Mt. Oberon was recently re-opened for public access in December after the access road to Telegraph Saddle was rebuilt following a huge storm that washed the old road away in March 2011. As I was camping at Tidal River for the holidays in January, it was an easy one to activate.
Access to Telegraph Saddle is a via shuttle bus run by Parks Victoria during peak times. From Telegraph Saddle, there is a 3.4km steep walk to the summit. The walk is up a recently rebuilt and well graded road. I did get some strange looks boarding the shuttle bus with a squid pole and pack with radio gear. The last part of the walk is up to the rocky summit via stone steps. There are two towers about 20m below the summit for commercial and government radio systems. The view from the summit is fantastic, looking out over the park to sea. I have been to the summit many times over the years, including the millenium rollover.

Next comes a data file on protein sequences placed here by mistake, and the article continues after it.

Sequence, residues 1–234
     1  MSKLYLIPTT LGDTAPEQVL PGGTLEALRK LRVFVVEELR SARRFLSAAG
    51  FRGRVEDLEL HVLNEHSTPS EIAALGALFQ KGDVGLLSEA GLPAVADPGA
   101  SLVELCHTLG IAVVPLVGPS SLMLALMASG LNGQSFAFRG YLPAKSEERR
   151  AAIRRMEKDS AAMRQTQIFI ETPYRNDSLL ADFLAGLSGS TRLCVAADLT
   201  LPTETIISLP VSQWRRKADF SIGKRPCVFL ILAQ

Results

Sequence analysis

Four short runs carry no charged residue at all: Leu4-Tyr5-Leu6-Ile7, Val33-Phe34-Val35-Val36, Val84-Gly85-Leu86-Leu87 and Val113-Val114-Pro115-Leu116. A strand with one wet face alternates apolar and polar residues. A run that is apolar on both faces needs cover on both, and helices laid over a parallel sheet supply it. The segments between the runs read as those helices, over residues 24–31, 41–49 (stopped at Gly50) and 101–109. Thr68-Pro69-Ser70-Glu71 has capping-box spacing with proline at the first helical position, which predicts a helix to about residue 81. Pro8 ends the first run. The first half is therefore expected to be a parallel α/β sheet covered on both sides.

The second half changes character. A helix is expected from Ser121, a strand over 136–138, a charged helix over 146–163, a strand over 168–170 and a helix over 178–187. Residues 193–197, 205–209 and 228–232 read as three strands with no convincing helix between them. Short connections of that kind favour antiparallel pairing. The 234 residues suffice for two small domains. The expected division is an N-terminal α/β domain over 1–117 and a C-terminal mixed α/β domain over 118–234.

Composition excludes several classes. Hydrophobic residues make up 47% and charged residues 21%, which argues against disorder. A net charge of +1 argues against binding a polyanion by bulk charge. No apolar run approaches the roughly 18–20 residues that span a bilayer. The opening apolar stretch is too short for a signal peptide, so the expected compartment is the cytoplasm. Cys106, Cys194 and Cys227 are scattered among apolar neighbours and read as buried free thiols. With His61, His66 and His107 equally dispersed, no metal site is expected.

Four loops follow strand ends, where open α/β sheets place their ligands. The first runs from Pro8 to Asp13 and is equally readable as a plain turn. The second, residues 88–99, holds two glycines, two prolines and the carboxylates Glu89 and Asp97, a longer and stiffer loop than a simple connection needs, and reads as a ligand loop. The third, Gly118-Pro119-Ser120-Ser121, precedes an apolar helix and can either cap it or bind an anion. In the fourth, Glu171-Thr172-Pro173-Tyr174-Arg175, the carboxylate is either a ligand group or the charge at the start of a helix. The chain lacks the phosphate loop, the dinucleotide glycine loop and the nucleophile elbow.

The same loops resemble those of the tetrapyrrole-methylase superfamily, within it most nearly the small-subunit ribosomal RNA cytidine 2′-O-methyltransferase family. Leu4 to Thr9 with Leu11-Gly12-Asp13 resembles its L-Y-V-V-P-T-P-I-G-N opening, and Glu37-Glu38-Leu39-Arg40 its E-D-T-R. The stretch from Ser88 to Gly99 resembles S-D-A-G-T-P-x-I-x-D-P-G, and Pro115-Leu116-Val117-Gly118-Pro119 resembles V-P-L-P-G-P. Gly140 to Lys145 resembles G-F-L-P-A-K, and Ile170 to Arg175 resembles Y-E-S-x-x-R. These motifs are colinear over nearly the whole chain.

Unfortunately, my activation was timed with a large group of tourists so I set up the squid pole about 10m or so down from the summit. The wind was strong so I had to strap the pole to a thick trunk of some scrub. An end fed half wave for 7MHz was erected on the squid pole and a 146MHz 5/8th vertical set up for 2m.
No contacts were made on 2m FM. I only had a low performance radio with me (due to weight) and was suspicious of receiver desense from the VHF trunking system on the towers nearby.
On 7MHz, I made 6 contacts after a slow start: VK3PF,VK3AFW, VK3VCE, VK5MCB, VK3NBL and VK3ABM. For a while I thought that I might not activate the summit, but after the Sotawatch post, I made the extra contacts.
A couple of nights later, we decided to do a sunset walk. I took up 146.5 FM only but was not able to make any contacts unfortunately. The sunset was not too spectacular either as the cloud base dropped suddenly about 5 minutes before sunset.